I guess I seem to be bragging about the hoe—well, we Vandettis always ate and I know my own kids sometimes yearn to walk past my dad’s pots simmering in his kitchen. They would lift a lid to make sure he had noodles coming on, but also show their disappointment when it turned out the main course was only to be roast beef!
I don’t know why my better memories so often revolve around my parents’ kitchen and gardens, where you were welcome to help yourself to your fullest. And there never seemed to be less than enough food—even in the leanest of times with little employment.
We never had to talk about whether there was money in the house or not, as long as our kitchen and backyard were full of food. Oh yes, sometimes we raised rabbits, too!
Incidentally, since I started this on fresh green onions from your garden, the idea came from either Alex Markowski, who lives north of the arena, or Henry Kaemingh of Devlin, whose gardens were both planted very early.
April was the month for that, having stayed so dry, but now we need this delayed rain to make those vegetables start jumping out of the ground.
• • •
Here’s a few lines from a poem being appreciated around our Sister Kennedy Centre, but don’t ask me why? The Alzheimer set will understand:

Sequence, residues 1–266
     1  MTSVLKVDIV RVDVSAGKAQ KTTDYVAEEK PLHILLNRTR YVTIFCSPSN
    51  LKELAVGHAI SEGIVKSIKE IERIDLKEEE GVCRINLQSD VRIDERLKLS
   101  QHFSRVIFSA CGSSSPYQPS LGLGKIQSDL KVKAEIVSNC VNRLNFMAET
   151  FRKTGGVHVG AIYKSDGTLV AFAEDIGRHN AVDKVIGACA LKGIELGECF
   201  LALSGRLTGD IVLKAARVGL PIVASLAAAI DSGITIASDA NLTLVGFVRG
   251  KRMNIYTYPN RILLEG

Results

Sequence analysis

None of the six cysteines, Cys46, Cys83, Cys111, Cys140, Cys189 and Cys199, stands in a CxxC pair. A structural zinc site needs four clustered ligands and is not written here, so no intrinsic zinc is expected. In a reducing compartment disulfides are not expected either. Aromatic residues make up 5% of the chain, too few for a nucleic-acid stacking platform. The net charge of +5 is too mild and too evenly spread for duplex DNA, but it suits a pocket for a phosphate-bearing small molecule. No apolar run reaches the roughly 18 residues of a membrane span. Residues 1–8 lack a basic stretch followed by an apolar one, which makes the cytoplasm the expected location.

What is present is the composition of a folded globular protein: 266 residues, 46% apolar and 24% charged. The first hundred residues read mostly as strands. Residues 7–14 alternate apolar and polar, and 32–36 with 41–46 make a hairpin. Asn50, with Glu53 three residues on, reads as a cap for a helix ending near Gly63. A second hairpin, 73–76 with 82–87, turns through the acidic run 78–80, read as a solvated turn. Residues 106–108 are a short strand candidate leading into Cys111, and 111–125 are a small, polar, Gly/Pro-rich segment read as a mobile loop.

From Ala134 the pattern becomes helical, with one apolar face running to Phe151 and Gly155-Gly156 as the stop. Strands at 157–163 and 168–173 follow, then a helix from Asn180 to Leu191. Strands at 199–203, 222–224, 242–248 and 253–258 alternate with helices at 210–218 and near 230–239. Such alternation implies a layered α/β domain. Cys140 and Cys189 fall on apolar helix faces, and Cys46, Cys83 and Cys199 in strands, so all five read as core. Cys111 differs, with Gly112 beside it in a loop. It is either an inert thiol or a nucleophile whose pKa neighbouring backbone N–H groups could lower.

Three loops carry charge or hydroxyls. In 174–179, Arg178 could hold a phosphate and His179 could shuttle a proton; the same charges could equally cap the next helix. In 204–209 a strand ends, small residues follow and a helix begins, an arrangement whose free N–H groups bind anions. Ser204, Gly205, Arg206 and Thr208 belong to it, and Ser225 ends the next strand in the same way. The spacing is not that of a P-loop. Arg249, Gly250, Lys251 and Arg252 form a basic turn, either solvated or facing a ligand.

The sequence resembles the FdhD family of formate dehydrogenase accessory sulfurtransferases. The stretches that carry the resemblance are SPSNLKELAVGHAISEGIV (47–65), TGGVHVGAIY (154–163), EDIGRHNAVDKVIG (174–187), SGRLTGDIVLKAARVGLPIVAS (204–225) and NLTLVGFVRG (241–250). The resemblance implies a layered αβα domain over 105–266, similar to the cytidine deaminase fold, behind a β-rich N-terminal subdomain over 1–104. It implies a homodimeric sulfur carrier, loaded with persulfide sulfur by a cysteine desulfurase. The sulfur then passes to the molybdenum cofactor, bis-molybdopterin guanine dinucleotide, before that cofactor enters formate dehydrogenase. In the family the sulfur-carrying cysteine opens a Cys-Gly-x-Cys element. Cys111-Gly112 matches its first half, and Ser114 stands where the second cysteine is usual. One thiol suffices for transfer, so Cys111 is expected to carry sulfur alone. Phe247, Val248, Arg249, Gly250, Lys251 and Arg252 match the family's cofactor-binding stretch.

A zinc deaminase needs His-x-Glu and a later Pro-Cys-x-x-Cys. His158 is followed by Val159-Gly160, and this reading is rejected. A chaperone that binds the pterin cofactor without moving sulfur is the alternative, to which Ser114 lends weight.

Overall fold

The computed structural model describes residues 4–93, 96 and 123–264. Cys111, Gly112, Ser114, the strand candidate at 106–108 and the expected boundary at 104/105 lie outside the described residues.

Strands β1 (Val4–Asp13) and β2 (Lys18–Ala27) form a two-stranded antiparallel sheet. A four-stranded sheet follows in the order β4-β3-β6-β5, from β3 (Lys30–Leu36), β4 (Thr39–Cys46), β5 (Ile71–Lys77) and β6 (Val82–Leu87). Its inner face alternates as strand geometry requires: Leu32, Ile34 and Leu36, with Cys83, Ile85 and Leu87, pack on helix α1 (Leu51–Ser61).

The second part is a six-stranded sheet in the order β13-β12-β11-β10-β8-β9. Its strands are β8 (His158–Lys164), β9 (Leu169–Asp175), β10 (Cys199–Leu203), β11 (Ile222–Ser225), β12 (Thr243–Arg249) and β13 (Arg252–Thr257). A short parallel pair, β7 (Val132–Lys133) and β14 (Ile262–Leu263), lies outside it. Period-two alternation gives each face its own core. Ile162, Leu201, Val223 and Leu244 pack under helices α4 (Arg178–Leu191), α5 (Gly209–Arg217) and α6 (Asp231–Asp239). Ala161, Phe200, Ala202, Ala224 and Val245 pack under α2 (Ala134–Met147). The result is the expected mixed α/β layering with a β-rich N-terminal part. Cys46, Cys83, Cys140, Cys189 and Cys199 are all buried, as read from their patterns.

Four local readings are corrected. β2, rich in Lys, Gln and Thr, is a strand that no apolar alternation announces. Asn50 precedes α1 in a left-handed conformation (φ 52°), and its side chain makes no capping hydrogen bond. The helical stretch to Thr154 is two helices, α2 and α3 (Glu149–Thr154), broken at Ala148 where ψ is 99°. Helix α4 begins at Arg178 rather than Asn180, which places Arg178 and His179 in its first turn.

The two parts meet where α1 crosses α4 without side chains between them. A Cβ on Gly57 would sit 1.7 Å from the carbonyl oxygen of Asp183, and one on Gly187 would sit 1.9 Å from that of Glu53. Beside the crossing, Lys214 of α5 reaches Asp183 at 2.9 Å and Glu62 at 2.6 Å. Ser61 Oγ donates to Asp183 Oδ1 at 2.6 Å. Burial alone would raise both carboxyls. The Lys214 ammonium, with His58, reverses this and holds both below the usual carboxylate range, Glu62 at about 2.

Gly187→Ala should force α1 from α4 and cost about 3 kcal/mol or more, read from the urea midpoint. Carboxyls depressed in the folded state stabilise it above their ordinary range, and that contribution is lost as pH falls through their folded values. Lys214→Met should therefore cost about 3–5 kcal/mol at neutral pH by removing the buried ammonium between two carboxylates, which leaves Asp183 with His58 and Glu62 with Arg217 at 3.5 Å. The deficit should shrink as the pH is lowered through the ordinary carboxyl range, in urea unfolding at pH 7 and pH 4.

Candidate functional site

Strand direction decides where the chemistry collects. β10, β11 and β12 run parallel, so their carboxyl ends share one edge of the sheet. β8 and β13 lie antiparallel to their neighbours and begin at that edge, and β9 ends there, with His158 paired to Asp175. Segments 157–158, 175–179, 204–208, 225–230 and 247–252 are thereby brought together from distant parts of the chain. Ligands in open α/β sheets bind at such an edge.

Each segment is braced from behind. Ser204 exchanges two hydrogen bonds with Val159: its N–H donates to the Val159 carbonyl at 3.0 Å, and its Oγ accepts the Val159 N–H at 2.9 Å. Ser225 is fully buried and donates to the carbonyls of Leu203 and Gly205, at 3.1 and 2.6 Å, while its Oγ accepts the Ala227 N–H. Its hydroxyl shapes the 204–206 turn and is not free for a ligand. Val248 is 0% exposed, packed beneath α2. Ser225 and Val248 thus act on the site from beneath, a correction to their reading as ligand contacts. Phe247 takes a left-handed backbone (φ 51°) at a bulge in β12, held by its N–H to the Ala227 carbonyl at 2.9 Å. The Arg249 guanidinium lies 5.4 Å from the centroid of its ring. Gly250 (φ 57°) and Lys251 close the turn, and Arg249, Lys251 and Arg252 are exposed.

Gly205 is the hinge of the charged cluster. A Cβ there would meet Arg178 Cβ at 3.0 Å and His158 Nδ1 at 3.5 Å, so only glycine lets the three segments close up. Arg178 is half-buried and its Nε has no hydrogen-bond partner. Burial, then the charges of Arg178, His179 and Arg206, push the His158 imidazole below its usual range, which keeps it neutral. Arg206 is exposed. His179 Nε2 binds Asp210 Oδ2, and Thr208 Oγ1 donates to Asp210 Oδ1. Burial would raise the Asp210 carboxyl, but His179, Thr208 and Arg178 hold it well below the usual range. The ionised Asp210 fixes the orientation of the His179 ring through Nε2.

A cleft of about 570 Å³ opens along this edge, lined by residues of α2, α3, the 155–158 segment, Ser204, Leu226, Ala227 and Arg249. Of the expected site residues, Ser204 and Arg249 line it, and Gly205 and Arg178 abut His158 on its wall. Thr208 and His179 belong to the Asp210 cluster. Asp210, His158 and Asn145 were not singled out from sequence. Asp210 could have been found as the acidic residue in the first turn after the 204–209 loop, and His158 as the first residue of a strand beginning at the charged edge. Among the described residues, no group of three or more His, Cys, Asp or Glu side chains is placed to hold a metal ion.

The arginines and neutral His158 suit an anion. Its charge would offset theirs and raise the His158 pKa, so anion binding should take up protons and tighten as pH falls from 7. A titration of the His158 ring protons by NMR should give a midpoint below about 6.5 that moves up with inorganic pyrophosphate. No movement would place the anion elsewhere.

“There I stood beside the mail box with my face so very red–instead of mailing you this letter, I opened it instead!
• • •
The summer weather has been coming on so strongly lately that I’m waiting to announce the name of our first outdoor swimmer anywhere in our district lakes.
It would be refreshing even to name anyone diving into an outdoor swimming pool with May just beginning.
• • •
When I told Toolie Kawulia about the SARS epidemic in Toronto, it was no news to him because he has two sons and a daughter living there.
Our own hospital and Rainycrest have taken the precaution of issuing breathing masks to staffers at entrances, although the doctors’ clinic here was not on guard similarly yet.
• • •
Our old district road-builder, Irvine Mose, the master graderman, left us last Wednesday with memories of the good roads he gave us around this district.
Irvine was the youngest of five well-liked Emo brothers who also had a sister in Fort Frances. He once became public works superintendent in town here, too, before his retirement. Son Eldon operates district school buses under the name of Asselins.
For Irvine’s funeral in Emo’s arena, four generations of grandchildren filled more than 50 seats.
• • •
You know, I hate to admit possibly the main reason I keep on with this column is the goodwill it brings regularly through people like Corrie Wiersema of Rainy River. Corrie came along with outstretched hand to tell me to “keep up the good work.”
It seems my readership lives all over our district and I can accept compliments, but also complaints from anyone so inclined!
• • •
Next time you encounter Don Clink, the retired country teacher, you might decide to greet him in Greek! Don conducts a class in that classic language regularly at Sturgeon Creek School.
So far there are only five students but interest is growing. It’s Hellenistic Greek, if you prefer.